Shakespeare's Globe

RSS Rehearsal Notes 4

This is Simon's final blog post. This week he discusses the technical rehearsal, problems with LEDs and the difficulty of making concrete decisions when playing Puck.

Transcript of Podcast

Technical rehearsal

We’ve just finished the final week of rehearsals, and the production opens on Sunday. The technical rehearsal itself was wonderful; it only took a day and a half! This has meant that we’ve had the rest of the week to continue running the play on the stage, which means we’re all now really used to working in the space. As in most technical rehearsals, much of the time was spent making sure the lighting and sound cues are correct, but for this production, there were some slight differences; all of the sound cues are performed by the musicians, and the only electric lights that are used are those sewn into our costumes.

Rehearsals have been slightly difficult recently because I hurt my back and had to have some treatment to allow it to heal.

Costumes

The costumes are now finished, and we’re able to use them for every rehearsal. I’m thrilled with my finished costume; not too hot, not too cold. The lights are amazing; they have to be very bright so that the audience will be able to see them clearly in the daylight, which means they need a lot of power. Inside the costumes, there are wires that link the lights to two battery packs strapped to our waists. We can turn them on and off using a switch on a strap around our wrist, but it’s rather delicate, and there’s a risk that we might accidentally turn our lights on/off if our wrist knocks against someone or something. When I’m on stage as Philostrate, watching the mechanicals’ performance of Pyramus and Thisbe, I usually end up sitting against the pillar downstage left. This morning, as we rehearsed the scene, I suddenly noticed Gary [Lilburn, Egeus/Fairy] looking at me and pointing towards my chest: I’d knocked my wrist on the floor of the stage and my lights were flickering. I’ll have to be careful about that in the future, or it might get a little confusing. Still, I’m really enjoying being able to use my costume in every rehearsal; every time I put it on, I feel more in character than I did in jeans and a t-shirt.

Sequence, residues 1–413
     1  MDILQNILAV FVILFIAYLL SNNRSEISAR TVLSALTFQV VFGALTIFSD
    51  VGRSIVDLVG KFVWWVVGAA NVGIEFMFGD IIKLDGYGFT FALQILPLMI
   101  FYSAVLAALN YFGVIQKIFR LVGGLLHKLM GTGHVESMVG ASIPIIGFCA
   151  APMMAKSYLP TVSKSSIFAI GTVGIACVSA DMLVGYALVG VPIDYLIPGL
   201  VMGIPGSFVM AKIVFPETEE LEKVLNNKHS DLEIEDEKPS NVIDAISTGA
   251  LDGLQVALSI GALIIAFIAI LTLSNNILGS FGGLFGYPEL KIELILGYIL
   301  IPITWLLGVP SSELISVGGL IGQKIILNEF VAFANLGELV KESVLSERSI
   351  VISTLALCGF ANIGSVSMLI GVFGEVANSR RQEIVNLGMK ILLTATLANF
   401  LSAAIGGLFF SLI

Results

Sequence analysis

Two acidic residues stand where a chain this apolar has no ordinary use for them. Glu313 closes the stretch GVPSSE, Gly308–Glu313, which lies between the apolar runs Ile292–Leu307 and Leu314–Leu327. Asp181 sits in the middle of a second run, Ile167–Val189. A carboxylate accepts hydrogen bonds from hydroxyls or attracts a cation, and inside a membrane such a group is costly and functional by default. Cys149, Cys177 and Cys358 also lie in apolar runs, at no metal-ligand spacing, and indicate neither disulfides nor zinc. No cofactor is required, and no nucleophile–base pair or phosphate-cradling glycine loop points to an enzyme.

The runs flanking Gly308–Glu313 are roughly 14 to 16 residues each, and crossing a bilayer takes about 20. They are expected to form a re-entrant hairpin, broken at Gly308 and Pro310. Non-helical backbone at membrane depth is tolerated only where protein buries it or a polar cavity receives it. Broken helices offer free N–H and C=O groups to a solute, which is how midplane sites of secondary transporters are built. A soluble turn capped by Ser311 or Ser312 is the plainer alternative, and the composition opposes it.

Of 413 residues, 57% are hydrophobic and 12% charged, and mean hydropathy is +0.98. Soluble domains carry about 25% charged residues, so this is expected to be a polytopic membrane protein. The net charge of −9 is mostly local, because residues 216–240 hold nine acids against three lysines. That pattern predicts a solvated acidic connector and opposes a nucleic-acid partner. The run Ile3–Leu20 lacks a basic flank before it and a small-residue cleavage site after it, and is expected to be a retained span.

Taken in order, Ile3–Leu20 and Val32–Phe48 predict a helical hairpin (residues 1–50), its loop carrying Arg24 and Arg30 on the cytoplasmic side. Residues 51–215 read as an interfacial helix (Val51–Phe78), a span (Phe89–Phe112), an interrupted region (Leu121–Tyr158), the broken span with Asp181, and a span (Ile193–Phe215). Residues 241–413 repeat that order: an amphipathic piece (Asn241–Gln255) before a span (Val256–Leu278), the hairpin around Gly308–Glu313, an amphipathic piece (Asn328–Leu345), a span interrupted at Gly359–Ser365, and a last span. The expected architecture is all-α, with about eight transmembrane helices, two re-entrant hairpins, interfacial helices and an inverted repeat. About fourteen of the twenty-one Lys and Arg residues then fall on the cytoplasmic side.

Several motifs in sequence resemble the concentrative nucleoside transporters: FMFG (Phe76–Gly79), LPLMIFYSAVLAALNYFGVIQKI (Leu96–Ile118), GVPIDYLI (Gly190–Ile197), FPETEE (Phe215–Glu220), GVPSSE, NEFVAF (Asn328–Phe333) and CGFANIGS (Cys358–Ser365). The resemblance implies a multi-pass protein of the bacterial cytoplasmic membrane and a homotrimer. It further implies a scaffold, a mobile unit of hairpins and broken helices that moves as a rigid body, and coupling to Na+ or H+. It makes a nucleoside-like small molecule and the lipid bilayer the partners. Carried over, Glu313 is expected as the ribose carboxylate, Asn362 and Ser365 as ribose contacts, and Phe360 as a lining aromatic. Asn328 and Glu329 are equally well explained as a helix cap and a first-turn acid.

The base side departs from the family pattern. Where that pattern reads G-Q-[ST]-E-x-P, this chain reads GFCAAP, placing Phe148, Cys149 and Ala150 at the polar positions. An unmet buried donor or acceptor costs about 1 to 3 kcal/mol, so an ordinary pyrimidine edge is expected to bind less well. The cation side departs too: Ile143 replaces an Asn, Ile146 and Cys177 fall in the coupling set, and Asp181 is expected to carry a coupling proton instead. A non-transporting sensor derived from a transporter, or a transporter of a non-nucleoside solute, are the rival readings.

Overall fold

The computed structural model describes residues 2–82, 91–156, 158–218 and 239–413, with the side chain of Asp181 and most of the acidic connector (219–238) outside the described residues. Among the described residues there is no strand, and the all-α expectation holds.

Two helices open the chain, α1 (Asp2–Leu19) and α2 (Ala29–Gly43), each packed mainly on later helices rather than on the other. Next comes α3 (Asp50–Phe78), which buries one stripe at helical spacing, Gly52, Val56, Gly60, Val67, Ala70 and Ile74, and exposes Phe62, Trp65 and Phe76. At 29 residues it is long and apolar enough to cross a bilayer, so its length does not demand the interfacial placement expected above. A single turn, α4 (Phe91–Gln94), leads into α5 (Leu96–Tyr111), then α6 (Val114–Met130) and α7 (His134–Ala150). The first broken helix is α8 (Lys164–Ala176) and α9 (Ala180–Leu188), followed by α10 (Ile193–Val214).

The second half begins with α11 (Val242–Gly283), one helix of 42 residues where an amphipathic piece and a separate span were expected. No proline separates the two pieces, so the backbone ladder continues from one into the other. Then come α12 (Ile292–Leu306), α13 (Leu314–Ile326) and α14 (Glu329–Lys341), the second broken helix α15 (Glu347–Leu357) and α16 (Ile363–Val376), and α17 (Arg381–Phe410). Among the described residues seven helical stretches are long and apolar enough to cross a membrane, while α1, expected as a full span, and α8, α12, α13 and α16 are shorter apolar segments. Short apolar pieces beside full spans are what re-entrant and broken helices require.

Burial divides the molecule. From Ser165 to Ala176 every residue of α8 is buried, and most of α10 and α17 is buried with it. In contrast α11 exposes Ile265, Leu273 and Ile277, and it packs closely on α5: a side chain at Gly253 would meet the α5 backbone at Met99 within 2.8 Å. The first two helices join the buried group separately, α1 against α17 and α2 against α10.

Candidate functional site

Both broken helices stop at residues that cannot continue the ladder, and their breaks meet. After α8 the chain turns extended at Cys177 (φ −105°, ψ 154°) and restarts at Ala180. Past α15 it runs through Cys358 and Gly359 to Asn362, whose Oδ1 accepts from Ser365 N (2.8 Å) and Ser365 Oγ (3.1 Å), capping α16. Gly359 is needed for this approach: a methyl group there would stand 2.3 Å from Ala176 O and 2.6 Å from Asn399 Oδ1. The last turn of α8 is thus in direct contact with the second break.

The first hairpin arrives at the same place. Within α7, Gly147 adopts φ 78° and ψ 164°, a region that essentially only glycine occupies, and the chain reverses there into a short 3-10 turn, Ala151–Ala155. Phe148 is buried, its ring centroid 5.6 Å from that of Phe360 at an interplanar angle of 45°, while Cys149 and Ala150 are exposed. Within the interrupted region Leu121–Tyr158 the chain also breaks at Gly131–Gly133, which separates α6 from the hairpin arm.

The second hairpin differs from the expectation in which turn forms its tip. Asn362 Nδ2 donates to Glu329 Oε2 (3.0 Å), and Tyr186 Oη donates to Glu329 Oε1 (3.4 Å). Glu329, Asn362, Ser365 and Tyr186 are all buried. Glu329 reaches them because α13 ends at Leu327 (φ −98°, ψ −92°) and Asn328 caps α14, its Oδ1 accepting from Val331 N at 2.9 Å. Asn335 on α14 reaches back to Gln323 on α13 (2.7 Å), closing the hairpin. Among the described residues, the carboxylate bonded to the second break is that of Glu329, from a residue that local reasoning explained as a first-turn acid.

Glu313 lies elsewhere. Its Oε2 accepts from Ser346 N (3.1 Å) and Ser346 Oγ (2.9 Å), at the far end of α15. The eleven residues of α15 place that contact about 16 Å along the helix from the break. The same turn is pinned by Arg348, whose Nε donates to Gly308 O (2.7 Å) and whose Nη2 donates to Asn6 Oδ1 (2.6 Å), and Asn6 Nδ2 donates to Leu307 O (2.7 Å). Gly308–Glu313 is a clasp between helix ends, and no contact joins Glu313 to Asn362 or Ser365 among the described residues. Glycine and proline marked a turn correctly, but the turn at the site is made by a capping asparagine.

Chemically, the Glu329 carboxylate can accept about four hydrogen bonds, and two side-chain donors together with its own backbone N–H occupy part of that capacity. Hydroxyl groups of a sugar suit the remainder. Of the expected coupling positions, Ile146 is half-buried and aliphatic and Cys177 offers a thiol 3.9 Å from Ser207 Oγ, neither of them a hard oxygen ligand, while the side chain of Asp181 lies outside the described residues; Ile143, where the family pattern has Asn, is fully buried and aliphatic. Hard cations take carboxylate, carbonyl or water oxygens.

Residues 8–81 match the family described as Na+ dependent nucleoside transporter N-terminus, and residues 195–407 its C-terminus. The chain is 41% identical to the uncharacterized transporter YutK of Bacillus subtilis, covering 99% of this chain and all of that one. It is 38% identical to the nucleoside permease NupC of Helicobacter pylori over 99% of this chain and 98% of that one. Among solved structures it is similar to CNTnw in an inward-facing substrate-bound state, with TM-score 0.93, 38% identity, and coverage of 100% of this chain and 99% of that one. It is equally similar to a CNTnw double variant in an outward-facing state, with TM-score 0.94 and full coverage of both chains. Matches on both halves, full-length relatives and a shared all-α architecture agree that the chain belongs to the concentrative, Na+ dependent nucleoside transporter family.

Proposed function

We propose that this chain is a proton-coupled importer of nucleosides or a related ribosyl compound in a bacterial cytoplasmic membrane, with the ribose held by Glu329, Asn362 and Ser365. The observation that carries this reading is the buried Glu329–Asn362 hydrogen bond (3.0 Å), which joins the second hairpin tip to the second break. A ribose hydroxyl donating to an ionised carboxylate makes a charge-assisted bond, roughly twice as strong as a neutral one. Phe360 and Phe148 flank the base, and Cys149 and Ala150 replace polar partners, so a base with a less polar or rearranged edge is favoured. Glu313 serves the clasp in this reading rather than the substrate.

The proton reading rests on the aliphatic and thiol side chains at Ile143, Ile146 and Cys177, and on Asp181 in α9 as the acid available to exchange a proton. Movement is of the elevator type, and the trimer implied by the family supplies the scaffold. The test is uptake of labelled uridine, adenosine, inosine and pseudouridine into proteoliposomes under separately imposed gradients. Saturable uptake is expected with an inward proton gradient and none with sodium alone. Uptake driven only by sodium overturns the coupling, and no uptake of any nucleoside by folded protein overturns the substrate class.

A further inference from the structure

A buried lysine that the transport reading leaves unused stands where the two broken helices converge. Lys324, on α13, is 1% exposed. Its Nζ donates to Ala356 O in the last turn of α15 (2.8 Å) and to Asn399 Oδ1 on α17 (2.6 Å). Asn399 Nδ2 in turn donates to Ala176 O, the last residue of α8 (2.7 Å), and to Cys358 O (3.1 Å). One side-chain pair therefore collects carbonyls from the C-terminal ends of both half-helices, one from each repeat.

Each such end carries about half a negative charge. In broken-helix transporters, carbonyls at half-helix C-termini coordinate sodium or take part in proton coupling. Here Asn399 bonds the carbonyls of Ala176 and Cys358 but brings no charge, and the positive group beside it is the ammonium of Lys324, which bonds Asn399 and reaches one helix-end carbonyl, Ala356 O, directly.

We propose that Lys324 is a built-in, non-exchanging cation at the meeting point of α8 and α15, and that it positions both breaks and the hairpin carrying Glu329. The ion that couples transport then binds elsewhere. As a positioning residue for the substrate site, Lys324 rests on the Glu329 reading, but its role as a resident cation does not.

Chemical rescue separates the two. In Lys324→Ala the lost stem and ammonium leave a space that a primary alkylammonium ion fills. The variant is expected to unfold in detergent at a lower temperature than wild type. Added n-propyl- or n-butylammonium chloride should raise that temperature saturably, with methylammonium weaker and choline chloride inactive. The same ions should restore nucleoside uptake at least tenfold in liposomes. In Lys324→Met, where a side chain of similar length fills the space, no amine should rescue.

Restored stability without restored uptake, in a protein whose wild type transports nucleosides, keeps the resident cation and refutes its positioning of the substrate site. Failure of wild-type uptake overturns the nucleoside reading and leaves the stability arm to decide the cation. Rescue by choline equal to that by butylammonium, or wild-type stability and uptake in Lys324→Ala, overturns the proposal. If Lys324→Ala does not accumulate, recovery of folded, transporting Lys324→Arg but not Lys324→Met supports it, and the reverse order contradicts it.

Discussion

Puck

Most actors, at some point during a rehearsal process, reach a stage when they suddenly doubt the validity of all the work they’ve been doing up till then. This seems to be especially true when it’s a long rehearsal process such as this one; I suddenly felt overwhelmed by the sheer number of possible ways to play the character. I’ve tried playing Puck as both young and old, especially in relation to Oberon. Much of Puck’s character is defined by his relationship with Oberon, and I’ve tried playing Puck as both a child and an elder statesman, and all the variations and permutations inbetween these two extremes. The next morning, just before a run of the whole play, I went to chat to Mike [Alfreds, Master of Play] about it. I told him that I wasn’t sure where I was: I didn’t know what or who Puck was, whether he was an animal, a vegetable or a mineral… His reaction was simply; “that’s the point.” During the run, I played each scene in whatever way I wanted, and it felt like the action of the scenes flowed; it felt great.

These comments are the actor’s thoughts or ideas about the part as s/he goes through the rehearsal process – they are simply his/her own interpretations and frequently change as the rehearsal process progresses.

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